I'm really enjoying Scanlon's new book "Being Realistic About Reasons" (all citations below to this book), but I'm stumbling on the part about pure normative truths and the explanation of supervenience. Any help would be much appreciated.
Scanlon takes the reason relation to hold between tuples, (p, x, c, a), where p is a fact (a reason), x is an agent, c comprises some conditions (circumstances), and a is an act type. In a case where p = the metal is sharp, x = you, c = normal circumstances where you would avoid the pain by not pressing the metal, and a = not pressing the metal (3), Scanlon says the reason relation R(p, x, c, a) obtains (30).
He calls this a mixed normative fact because it contains normative and non-normative elements; this reason relation only obtains when the metal is indeed sharp. Aside from these, there are pure normative claims: "the essentially normative content of a statement that R(p, x, c, a) is independent of whether p holds. This normative content lies in the claim that, whether p obtains or not, should p hold then it is a reason for someone in c to do a. So I will take what I will call a pure normative claim to be a claim that R(p, x, c, a) holds (or does not hold), understood in this way" (36-37). Later he says the contingent non-normative elements are "subjunctivized away" in pure normative claims (40). So it looks like the pure normative claim for the sharp metal case is something like this:
(Pure?) It is normatively necessary that, for all agents, x, if it were the case that p and x were in c, it would be the case that x has a reason to a (40-41).
One of the advertised payoffs for separating the pure from the mixed is that it allows us to explain the supervenience of the mixed normative facts on the non-normative facts by appealing to the pure normative facts. But I am puzzled.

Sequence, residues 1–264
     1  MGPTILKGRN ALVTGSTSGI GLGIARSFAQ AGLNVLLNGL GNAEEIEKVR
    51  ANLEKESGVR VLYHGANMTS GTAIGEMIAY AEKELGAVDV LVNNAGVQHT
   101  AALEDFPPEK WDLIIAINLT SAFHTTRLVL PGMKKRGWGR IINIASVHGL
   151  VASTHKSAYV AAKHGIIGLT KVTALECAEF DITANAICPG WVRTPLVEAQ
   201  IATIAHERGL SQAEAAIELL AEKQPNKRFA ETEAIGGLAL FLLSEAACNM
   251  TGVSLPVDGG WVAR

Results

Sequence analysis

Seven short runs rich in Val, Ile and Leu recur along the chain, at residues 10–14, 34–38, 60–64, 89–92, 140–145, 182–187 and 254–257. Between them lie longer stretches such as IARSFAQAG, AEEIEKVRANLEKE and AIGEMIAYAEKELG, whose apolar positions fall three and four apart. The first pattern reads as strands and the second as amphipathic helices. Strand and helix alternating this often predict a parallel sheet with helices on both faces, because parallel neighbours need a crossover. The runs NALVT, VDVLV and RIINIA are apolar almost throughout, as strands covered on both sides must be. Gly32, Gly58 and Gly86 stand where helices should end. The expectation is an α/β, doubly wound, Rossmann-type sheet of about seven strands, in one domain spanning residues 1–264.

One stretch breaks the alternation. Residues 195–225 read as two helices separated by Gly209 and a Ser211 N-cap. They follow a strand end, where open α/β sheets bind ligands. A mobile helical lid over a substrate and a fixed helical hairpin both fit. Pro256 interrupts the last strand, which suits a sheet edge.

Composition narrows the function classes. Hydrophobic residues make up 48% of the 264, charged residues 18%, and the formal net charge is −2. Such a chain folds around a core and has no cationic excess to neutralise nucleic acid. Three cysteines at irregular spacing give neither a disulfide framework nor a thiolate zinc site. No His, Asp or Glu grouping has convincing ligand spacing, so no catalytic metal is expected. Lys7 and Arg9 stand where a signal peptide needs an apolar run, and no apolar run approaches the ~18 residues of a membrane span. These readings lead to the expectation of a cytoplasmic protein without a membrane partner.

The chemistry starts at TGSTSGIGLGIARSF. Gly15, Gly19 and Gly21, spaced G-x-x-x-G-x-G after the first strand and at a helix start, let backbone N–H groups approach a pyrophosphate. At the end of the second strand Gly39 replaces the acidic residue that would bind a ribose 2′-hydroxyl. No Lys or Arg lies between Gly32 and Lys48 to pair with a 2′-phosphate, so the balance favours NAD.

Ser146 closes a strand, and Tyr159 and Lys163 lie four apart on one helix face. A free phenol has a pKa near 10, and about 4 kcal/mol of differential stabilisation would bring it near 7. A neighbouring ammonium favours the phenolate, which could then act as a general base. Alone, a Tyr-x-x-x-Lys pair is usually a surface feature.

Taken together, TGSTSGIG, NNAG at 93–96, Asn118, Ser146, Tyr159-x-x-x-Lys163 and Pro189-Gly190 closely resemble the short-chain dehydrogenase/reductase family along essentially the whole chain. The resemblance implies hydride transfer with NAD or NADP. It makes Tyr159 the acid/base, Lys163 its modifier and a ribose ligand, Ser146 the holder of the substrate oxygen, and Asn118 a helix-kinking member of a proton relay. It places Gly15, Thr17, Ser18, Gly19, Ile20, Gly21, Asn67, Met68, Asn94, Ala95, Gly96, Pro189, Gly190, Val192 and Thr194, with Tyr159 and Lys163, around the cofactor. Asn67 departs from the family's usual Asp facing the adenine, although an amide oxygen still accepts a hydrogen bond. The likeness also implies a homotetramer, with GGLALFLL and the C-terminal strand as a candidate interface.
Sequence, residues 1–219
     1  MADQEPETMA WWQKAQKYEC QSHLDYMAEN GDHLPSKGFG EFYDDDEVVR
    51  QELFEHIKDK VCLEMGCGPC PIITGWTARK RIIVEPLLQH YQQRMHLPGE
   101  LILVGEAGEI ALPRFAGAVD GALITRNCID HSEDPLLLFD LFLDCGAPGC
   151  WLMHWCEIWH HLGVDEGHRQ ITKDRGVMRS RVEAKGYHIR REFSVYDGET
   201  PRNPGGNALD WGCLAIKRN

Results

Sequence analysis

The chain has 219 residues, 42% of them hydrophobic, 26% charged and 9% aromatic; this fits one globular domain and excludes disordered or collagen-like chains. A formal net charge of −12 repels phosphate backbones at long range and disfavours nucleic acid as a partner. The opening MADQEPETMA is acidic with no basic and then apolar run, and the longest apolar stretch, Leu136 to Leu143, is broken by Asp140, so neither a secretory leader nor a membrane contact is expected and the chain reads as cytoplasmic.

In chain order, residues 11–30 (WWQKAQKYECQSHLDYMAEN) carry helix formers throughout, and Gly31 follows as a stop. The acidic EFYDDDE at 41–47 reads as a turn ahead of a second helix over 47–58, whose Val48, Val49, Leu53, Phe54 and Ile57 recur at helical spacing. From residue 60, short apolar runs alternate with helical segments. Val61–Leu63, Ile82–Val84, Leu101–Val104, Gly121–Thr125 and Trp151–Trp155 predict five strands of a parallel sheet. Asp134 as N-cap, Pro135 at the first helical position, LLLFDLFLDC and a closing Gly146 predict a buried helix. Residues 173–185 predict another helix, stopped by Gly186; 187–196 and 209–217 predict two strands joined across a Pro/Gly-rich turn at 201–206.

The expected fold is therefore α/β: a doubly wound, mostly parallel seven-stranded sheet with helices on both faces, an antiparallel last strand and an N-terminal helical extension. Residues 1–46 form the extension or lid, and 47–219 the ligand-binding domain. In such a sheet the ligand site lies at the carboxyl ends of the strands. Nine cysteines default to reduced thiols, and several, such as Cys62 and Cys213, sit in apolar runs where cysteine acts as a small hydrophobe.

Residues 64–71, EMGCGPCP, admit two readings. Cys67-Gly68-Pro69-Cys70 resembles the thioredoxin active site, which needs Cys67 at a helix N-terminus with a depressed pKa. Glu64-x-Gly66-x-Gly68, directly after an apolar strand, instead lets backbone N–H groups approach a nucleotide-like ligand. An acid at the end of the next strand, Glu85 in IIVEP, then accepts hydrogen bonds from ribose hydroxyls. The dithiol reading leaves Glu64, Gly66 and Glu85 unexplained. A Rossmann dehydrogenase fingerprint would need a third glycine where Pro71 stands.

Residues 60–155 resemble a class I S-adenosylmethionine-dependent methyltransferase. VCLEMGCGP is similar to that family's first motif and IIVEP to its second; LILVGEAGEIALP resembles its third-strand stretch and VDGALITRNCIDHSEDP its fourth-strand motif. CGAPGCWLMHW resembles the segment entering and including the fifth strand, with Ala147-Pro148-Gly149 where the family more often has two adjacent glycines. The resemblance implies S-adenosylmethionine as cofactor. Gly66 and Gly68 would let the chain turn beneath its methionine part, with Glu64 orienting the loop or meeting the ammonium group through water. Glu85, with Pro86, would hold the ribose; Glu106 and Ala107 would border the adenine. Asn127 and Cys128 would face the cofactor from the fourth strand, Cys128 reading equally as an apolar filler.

First the pure facts. As Schroeder's review in the AJP also points out, (Pure?) is an odd candidate for pure normative content. It looks like is is a claim about when pure normative content would hold (i.e., a condition under which there would be a reason). It not only subjunctives away p, but the reason relation itself. And it looks like a claim in need of a truth-maker.
I get my head around this by thinking of the pure normative content in terms of Ewing's moral laws (or Enoch's norms with modally maximal jurisdiction). True claims about them are necessarily true; they tell us, for any possible non-normative facts, whether they have normative significance (42); and they do not contain any natural elements. Whether they are purely normative themselves is questionable, though. They seem to be normative status conferring without themselves being normative (or natural). But I would love suggestions about how to understand pure normative content in other terms.
Second, explaining supervenience. Why can there be no change in the reason-relatedness status of the tuple (p, x, c, a) without some change in the non-normative features exhibited by (p, x, c, a)? The classical realist explanation is to posit real necessitation relations between non-normative properties and normative properties/relations (I think of a really strong towline). Ewing definitely wanted to avoid such "necessary synthetic connections", so he gave a different explanation: there are necessary moral laws (here, we can say normative laws) that somehow confer normative status on items with certain non-normative properties. Scanlon seems to opt for this second explanation, and finds supervenience less puzzling in light of it.